Botanical Name: Fagus sylvatica
Common Name: European Beech
Origin: Central Europe
Notable Feature: The European beech has been described by many experts as the finest specimen tree available. Give it plenty of space and it will provide you with year-round beauty: shimmering green leaves unfurling in the spring, dense shade in the summer, striking autumn foliage, and a pleasing winter silhouette.
Habit: Densely pyramidal to oval or rounded; very formal in outline with a stocky trunk. A deciduous tree that will grow 50 to 60 feet high with a spread of 35 to 45 feet. Bark is smooth, thin, and dark bluish grey in color; it remains smooth even on the largest of stems and is reminiscent of elephant hide.
Flower: Species is monoecious, meaning both male and female flowers grow separately on the same tree, and appear in April and May. The tassel-like male catkins hang from long stalks at the end of twigs, while female flowers grow in pairs, surrounded by a cup. Flowers are small and inconspicuous and appear just after leaf emergence in spring.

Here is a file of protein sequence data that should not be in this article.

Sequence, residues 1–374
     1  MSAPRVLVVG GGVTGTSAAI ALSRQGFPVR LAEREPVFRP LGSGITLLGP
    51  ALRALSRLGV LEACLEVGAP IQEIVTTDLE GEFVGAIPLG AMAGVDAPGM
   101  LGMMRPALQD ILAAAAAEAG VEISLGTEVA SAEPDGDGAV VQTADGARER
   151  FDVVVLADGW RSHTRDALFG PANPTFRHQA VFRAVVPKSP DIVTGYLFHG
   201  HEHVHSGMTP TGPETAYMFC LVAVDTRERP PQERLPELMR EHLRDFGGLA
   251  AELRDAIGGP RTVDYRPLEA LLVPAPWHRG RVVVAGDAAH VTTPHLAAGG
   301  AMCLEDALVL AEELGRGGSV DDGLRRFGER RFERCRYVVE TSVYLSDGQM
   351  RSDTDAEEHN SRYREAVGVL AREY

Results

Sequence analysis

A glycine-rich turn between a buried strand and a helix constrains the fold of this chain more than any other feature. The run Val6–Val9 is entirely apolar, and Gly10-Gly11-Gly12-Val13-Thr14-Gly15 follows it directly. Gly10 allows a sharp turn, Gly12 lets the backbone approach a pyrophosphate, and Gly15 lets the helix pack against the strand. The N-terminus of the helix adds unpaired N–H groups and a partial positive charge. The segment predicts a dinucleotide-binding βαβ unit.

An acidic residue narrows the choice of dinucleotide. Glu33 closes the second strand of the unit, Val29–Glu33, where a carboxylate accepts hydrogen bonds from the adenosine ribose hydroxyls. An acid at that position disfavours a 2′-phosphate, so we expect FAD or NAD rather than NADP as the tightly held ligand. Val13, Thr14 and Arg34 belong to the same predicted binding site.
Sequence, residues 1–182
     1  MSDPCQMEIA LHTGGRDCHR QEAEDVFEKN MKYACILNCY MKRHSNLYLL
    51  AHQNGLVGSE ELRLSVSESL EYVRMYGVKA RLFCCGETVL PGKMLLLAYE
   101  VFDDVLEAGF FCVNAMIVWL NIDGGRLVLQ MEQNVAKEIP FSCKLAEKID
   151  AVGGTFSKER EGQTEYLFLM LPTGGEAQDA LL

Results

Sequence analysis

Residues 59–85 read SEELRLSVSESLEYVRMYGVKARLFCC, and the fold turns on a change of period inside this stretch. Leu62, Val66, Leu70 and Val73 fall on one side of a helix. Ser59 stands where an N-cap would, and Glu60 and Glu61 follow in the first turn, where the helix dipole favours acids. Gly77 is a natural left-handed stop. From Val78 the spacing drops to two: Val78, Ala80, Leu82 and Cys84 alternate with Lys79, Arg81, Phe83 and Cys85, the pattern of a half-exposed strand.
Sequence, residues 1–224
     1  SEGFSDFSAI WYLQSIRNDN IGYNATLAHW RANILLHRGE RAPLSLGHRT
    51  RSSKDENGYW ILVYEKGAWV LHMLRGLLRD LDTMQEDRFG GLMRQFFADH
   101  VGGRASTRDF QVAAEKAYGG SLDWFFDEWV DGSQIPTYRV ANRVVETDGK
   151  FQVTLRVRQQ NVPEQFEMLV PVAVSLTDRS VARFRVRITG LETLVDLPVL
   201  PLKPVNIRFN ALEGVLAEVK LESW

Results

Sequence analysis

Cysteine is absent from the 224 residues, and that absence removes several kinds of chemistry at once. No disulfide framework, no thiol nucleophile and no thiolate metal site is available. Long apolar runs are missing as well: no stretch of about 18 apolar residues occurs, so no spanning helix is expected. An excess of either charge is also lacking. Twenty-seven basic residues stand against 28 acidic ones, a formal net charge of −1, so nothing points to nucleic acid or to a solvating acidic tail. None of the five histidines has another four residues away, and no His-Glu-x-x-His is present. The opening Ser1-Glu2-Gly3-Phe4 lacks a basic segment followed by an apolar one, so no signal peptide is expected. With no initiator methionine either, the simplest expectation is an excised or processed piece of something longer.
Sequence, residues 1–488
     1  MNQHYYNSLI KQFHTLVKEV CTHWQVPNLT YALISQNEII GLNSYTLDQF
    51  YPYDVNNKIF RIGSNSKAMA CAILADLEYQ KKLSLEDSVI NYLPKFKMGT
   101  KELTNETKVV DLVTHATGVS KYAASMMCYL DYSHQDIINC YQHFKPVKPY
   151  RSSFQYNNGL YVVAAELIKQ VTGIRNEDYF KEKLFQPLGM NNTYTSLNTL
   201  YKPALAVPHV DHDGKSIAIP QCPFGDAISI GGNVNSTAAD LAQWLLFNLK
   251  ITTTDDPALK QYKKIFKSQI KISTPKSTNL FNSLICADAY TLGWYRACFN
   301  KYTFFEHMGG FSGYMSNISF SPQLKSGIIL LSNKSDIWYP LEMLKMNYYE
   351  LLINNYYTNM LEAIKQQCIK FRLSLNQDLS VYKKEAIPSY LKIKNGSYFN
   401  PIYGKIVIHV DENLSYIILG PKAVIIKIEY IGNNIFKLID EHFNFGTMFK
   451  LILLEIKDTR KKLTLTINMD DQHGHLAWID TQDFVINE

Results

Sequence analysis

Fruit: Triangular nuts. Usually two nuts enclosed in a hard, woody, four-lobed husk covered with spines. Husk is 1” long and borne singly on an erect pedicel (stem). Matures in fall.
Foliage: Lustrous dark green in summer followed by russet and golden bronze colors in fall. Leaves slow to emerge and do not fully develop until sometime in May. The alternate, simple, elliptical leaves are 2 to 4” long, with smooth to slightly toothed, wavy margins.
Interesting Fact: The town of Brookline, MA has the oldest as well as the largest grove of European beech trees in the United States. The 2.5 acre public park, called 'The Longwood Mall', was created by wealthy businessman, David Sears around 1850. It was planted with some 14,000 trees, a majority of which were European beech. When the town took possession of the park in 1925, it cut down the other trees to give more room to the beech trees. In 1983, the Friends of the Longwood Mall established a fund for long-term maintenance for these trees.